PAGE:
Fashion | Is "Supermarket Style" Contributing To Fast Fashion

Fashion | Is "Supermarket Style" Contributing To Fast Fashion

Before you completely write off this blog post for fear that I am going to education you on Walmart fashion (not a chance), stay with me! When I say "supermarket style" I'm referring to every era you've ever dreamed of being offered to you like cans of soup at your local Piggly Wiggly. 

We live in a time where people want an absurd amount of options to choose from and they want it delivered 2.5 seconds after they order it.That's why eCommerce giants like Amazon and Ali Baba are fu*king flourishing - especially during COVID when being out and about comes with it's risks. Most of us probably don't give much thought to the luxury that is our life, as we throw on our grunge Metallica band tee and Cinq-a-Sept sequin maxi skirt. It's what we've become accustom to - but it wasn't always this way.

In the good ole' days, long-term style commitments were required to establish yourself as a fashion icon. Belonging to a specific style tribe meant that you embodied the entirety of that style profile, which undoubtedly fostered some of the most legendary looks in fashion history. If you were into 90's grunge - you listened to punk rock music and were a total rebel. If you were deemed preppy -  you wore hounds tooth pencil skirts, pearl earrings, and drank cosmopolitans at the country club your dad was a member at.

Fashion is now a straight up free for all where creativity can run rampant. Look at any street fashion photography from NYFW and you'll see outfits that in theory seem perplexing, but in reality pair perfectly. With the rise in Instagram Influencers, these newfound trends of seemingly clashing styles are instantly accessible to the general public (aka you and me) and if you're like most, you immediately hop on Revolve to see how you could recreate these looks.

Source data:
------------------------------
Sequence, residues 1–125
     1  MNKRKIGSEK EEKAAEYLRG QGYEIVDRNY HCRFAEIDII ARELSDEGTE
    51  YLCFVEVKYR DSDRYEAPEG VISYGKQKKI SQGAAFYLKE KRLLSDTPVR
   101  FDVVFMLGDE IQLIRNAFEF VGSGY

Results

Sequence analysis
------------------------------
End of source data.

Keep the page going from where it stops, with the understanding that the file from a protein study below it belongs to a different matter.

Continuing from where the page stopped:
Now I don't for a second want you to think that I'm knocking the uniqueness that is fashion. Being able to develop an authentic personal style is what got me into the fashion industry to begin with - style is so personal yet so inclusive. But how has supermarket style contributed to fast fashion?

It's no secret that trends go in and out of style on the regular - that's essentially the point of a trend. Which is why people feel so compelled to get it while it's hot. Designers are presented with more opportunities than ever to produce because the demand is there. The problem lies in the fact that trends have become so disposable. One minute bucket hats and animal print is all the rage, and the next minute biker shorts and Fila sneakers are the new must have item. While it creates a diverse style portfolio for the consumer(yay), it dramatically decreases the production quality of brands(boo). When brands are cranking out 6 or more seasons per year, there is no way to uphold production standard. This results in crap clothes that don't last and end up in the landfill. 

So what is the alternative to fast fashion and being 'trendy'?

Slow fashion. Aside from the obvious pros (ethical production process, quality fabrics, non-toxic dyes, intentional designing) brands that design with sustainability in mind end up creating moods - not trends. Moods are created through character development and emotional renderings of said character. When you establish a character profile for your brand as a whole, your collections end up having the same cohesive look season after season - in a totally positive way. Consumers can rely on these brands to create a certain overall aesthetic, even though that style can vary considerably in tangible design. When you have an emotional connection to your clothing, it's not as easy to switch them out for the latest trends - and far less likely to end up in the landfill :)




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